Ubuntu may grab more headlines than most Linux-based operating systems (unless you count Android, which uses a Linux kernel), but over the past few years Linux Mint has been nipping at Ubuntu’s heels. Today the Mint team released Linux Mint 12, which packs a number of software improvements and new artwork.
For the past few weeks Mint has been ahead of Ubuntu in the DistroWatch ranking, which measures the number of pages views for various Linux operating systems. While some journalists have suggested that Mint is now the more popular operating system, I think all the figure really tells us is that… more people are clicking the Mint page at DistroWatch. That could have more to do with DistroWatch’s audience than anything.
But Mint is an impressive operating system which is based on Debian and Ubuntu and which can run most apps designed for those platforms. It also uses the GNOME 3 desktop environment, which could make Mint an attractive alternative for Ubuntu users that are turned off by the new Unity user interface.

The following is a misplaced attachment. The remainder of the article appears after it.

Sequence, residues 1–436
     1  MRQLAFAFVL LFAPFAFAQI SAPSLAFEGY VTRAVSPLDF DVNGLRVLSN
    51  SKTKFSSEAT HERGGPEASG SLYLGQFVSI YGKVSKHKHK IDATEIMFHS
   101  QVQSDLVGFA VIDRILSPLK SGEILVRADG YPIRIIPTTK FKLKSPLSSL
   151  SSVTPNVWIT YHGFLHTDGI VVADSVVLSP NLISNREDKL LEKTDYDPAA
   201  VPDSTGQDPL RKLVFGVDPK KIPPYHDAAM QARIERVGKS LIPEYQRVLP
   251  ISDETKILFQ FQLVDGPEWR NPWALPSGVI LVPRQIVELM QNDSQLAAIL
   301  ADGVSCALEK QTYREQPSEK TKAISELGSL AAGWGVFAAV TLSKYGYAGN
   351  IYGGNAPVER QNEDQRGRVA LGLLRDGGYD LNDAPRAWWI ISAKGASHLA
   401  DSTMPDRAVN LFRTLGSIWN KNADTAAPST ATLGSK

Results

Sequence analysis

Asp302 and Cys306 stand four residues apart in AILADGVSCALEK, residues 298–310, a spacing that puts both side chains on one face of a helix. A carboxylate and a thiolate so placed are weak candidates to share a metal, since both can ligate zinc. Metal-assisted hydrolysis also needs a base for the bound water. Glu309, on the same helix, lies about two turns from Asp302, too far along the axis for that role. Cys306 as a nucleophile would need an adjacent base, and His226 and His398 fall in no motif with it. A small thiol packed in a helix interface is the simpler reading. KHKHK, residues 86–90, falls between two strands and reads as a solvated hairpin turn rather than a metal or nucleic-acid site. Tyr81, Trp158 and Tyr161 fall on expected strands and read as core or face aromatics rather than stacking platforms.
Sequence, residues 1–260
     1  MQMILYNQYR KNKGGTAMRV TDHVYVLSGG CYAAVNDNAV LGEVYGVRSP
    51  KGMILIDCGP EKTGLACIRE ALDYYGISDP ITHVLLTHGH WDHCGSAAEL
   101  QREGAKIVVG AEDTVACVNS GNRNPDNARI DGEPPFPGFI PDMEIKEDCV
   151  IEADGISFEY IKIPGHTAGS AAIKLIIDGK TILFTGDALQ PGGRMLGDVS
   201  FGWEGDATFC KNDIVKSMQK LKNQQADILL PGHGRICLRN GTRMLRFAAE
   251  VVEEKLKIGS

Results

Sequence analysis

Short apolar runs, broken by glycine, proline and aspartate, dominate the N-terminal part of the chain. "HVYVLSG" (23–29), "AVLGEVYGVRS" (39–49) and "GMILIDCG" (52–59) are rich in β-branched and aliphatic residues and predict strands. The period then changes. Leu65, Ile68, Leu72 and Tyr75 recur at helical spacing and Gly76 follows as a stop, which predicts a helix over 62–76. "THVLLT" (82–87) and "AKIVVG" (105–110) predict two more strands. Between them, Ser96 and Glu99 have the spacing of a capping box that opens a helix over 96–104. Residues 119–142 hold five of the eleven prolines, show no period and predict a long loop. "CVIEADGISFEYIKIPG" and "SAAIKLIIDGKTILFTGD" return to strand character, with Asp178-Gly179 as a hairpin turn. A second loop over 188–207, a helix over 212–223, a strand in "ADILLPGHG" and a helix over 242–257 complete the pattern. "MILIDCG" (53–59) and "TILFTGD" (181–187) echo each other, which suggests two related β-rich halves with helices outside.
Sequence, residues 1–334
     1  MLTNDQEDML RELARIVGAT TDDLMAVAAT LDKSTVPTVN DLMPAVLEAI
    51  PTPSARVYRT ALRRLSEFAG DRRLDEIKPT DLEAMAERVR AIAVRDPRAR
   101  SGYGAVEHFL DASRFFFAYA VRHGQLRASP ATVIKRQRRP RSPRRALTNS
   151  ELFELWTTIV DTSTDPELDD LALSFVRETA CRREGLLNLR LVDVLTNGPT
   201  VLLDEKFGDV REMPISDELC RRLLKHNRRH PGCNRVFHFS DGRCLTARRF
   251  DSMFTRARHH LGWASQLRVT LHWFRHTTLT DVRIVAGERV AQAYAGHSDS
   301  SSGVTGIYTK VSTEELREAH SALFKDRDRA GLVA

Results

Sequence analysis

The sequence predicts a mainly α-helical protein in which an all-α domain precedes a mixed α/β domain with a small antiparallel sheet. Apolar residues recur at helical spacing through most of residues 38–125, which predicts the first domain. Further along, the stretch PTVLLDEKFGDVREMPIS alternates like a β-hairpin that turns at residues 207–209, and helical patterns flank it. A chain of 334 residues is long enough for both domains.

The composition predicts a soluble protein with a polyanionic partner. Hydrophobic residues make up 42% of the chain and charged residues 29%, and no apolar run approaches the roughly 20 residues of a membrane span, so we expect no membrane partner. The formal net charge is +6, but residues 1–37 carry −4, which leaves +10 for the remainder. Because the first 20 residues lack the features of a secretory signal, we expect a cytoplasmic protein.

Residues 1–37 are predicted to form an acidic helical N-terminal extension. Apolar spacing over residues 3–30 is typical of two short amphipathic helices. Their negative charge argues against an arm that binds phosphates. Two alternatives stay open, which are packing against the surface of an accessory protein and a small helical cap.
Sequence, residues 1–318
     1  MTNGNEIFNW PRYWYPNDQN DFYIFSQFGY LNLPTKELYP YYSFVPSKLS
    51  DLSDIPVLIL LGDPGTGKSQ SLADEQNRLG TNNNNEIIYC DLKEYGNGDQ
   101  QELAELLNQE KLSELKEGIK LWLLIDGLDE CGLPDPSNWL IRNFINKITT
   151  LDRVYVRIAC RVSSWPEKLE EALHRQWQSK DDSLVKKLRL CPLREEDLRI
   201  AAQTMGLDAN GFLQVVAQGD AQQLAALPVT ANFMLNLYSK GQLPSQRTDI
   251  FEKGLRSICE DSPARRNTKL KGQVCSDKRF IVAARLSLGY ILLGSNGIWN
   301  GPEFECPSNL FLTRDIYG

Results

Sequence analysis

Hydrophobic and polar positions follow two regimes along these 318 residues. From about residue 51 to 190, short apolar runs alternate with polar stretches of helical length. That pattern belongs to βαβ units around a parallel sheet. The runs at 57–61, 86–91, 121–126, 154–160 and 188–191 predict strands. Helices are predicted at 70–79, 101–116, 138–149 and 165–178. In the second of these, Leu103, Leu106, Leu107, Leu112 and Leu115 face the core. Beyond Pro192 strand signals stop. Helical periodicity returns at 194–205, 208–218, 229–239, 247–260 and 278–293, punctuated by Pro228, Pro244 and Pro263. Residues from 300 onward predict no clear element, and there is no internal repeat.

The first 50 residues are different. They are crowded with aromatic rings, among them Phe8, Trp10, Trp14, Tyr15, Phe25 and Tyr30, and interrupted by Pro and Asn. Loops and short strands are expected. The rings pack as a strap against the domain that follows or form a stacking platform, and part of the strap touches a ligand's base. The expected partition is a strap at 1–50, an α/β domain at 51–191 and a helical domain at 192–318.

Linux Mint 12 includes the new MGSE (Mint GNOME Shell Extensions) feature which lets you use the latest features in the new version of GNOME, but continue to use the application menu, bottom panel, and other features much the same way you have with previous versions of Linux Mint (or other operating systems that use the GNOME desktop environment).
the operating system also includes several new themes and desktop backgrounds. The default search engine is DuckDuckGo, but users can change their search engines. Mint is also now partnering with some search engines to share revenue earned from user searches.
Linux Mint 12 is available for computers with 32-bit or 64-bit x86 processors with 512MB or more of RAM, 5GB of disk space, and a screen resolution of 800 x 600 pixels or higher. You can find download links in the official blog post announcing the release.